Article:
• Patrick McAndrew

Our Transformation Into Data

We Are Enlisting for Social Media

It’s difficult to imagine what Facebook used to be like. I’ve been on the platform for about 12 years now, which is crazy, and it’s interesting to reflect back on what Facebook was when I first joined back in 2007. Wall posts were the big thing, there were no cover photos, no like buttons, and there was no newsfeed in existence. The ads were minimal, and it resembled more of a messaging platform than a social hub to find out all the going-ons.

Fast-forward to today and Facebook has become a virtual reality of sorts. We spend so much time on the site and app and it shapes our lives on an unconscious level. We also have other social media platforms where we can broadcast ourselves for all the world to hear.

Ads Are Changing Our Minds

How does this shape our thinking? When we get ads tailored to us, how does this affect the way we process our lives, our behaviors, and our decisions? I’m very much into personal and professional development and, because of this, I receive ads, unasked for, on my newsfeed out the wazoo! These ads are telling me how I should take advantage of this product and this service so as to live my best life.

I’m sure I’m not the first to say that this can take a toll. I start believing that my life has to be a certain way in order for me to be happy. Social media redefines what happiness is supposed to mean, instead of defining it for ourselves. These advertisements sell us on a vision that can better our future. There isn’t much room for introspection online.

The Unconscious Influence

Because social media has become so prevalent in our lives over the past decade or so, there is no telling how much of an influence it has had over our lives. Has it made us happier or much more depressed? General conversation may tell us happier, as we are able to stay better connected with those in our network. But research would argue otherwise, as depression and anxiety are through the roof.

This is why I have been hesitant to step into other platforms besides Facebook. I had a Twitter for a hot second thanks to some friends who created my profile. I’ve never had Snapchat. And I just got a smartphone in the later half of last year. Instagram has been this dance as to whether or not I will join it. I might bite the bullet eventually. Sometimes I think I am so aware of technology use and the impact that it has on our thinking and thought-processing that I would be fine if I got an Instagram account. Other times, I understand that I am still human and may be no match for the platform’s temptations.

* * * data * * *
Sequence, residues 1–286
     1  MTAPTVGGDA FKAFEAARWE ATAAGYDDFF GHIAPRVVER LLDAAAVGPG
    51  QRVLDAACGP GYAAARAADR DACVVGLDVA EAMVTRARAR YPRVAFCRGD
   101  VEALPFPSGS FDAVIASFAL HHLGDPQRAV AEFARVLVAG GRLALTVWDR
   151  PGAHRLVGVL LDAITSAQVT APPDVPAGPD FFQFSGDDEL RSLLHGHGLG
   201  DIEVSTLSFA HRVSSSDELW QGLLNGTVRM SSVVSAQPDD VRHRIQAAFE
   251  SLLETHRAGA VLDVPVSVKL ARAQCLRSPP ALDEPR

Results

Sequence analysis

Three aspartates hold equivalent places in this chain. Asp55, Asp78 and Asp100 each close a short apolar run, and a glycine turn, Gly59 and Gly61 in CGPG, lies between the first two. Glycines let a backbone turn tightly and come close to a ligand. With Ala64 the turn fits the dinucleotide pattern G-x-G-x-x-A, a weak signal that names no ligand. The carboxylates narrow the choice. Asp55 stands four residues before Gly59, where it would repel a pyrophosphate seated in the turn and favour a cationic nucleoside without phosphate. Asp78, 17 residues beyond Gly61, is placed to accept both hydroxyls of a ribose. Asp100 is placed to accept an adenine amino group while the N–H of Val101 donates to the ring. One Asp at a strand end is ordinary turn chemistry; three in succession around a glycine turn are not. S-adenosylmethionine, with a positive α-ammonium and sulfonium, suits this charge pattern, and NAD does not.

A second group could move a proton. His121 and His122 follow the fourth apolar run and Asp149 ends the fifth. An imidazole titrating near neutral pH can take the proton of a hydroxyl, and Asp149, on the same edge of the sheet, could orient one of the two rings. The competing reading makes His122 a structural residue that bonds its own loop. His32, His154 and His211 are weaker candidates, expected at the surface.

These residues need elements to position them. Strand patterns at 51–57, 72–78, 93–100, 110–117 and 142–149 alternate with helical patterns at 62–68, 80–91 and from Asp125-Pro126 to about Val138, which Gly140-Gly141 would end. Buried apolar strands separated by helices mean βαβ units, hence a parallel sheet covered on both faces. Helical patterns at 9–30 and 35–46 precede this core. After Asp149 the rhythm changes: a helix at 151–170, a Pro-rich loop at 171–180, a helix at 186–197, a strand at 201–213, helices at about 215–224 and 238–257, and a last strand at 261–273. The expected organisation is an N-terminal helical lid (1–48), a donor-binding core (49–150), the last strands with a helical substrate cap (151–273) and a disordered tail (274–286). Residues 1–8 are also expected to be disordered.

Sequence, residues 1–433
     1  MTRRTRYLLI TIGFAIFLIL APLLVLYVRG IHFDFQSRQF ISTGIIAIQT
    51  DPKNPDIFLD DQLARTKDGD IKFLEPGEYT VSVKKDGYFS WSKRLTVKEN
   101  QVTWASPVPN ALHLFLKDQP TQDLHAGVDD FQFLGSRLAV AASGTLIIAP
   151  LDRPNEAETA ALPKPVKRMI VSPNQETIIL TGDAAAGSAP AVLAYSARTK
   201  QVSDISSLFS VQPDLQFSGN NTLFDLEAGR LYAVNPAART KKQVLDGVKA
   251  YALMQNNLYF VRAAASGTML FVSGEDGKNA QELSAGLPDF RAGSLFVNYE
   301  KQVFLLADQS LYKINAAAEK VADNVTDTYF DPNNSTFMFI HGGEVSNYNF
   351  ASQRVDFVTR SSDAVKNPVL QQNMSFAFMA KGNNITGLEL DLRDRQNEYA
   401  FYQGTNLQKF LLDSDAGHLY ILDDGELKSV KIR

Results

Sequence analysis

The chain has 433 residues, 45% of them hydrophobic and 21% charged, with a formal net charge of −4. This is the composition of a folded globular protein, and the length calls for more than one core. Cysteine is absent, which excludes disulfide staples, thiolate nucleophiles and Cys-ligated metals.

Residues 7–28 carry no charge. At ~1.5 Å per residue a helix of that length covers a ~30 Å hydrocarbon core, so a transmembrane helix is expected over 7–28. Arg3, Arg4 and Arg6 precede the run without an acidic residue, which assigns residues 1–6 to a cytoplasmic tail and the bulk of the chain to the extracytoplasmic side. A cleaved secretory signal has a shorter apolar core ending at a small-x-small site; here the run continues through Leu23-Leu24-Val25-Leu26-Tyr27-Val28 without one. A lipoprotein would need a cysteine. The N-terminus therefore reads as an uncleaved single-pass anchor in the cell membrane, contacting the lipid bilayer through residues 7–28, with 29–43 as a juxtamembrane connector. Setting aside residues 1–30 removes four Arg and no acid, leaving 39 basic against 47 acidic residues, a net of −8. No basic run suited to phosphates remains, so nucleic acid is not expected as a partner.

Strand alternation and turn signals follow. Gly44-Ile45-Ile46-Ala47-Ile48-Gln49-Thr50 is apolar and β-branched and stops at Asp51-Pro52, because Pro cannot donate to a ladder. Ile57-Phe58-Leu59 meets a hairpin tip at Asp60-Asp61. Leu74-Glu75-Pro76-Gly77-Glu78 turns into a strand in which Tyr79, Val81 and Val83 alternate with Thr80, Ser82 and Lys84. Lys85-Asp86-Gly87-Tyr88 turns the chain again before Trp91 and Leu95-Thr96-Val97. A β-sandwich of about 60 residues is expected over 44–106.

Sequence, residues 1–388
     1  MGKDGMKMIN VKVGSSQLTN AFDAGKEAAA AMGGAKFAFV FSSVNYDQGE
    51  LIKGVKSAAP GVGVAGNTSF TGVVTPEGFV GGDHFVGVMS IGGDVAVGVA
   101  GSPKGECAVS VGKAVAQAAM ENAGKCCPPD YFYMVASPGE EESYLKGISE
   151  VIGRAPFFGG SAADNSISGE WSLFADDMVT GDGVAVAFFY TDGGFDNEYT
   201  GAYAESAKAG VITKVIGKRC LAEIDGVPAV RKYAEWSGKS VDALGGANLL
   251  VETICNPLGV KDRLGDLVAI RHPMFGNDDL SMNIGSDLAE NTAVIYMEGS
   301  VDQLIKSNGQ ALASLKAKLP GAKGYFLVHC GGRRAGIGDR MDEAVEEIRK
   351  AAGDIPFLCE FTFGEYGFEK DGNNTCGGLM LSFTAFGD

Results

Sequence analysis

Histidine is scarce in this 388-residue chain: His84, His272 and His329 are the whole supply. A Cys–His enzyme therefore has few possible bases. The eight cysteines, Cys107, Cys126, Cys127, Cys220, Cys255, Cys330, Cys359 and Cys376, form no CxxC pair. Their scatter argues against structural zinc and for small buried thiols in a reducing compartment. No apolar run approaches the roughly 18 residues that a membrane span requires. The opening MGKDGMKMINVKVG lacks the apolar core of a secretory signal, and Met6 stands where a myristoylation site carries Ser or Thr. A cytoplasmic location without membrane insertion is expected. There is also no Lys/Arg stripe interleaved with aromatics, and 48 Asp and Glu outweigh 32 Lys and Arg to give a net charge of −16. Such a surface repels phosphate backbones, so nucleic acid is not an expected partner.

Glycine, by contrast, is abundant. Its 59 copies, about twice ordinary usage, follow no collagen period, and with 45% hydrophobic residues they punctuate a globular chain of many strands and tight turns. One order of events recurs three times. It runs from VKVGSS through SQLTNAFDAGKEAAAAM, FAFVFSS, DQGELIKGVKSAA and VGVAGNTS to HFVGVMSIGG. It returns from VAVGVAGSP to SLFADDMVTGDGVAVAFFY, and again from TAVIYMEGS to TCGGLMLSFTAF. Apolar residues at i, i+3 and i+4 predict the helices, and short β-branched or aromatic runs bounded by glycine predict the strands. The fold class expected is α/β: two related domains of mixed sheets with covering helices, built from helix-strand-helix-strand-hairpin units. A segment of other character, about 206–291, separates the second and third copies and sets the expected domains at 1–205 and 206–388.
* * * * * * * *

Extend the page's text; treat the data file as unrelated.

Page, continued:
An Alternate Path

If social media did not exist, how would your life be different? We would of course be unaware of this unknown power. Those who have quit social media cold turkey, however, claim that they have never felt better. Still, is a social media presence required nowadays when you are trying to get a message out? That’s where everyone’s attention is, so one would think that it should be a requirement to be on these platforms.

But when your message is encouraging the population to come back to human relationships and engage less with technology, how do you create that balance? Never before has technology and society had such a grip on our emotions and behaviors. Sure, humans have always cared about what others think and have always wanted to be noticed to a certain degree, but it has never been at these extremes before.

The Data Revolution

Yuval Noah Harari has written an incredibly insightful book called Homo Deus: A Brief History of Tomorrow. I highly recommend this book, as it gives some interesting perspectives on how we humans adopt certain ideas about ourselves and the world. In his last chapter, Harari discusses how it is a real possibility that humans will see data processing as a new religion of sorts and that we are already heading in that direction through our infatuation with technology. He argues that humans may start to find meaning in data rather than themselves. He quotes, “Humanism holds that experiences occur inside us, and that we ought to find within ourselves meaning of all that happens, thereby infusing the universe with meaning. Dataists believe that experiences are valueless if they are not shared and that we need not—indeed cannot—find meaning within ourselves.”

This begs the question: In the direction we are going, do experiences mean anything if they are not posted, shared, or liked with the online population? If I have an amazing trip doing community service in an African village, is it more meaningful if I post and share it with others on social media?

We are beginning to mold ourselves into data through social media platforms. We are becoming one with them. And, as we go through this process, it changes our thought processes, often without us even realizing it. How far are we willing to trust ourselves to data? Can we pull back, or has society made it so essential that it’s already too late?

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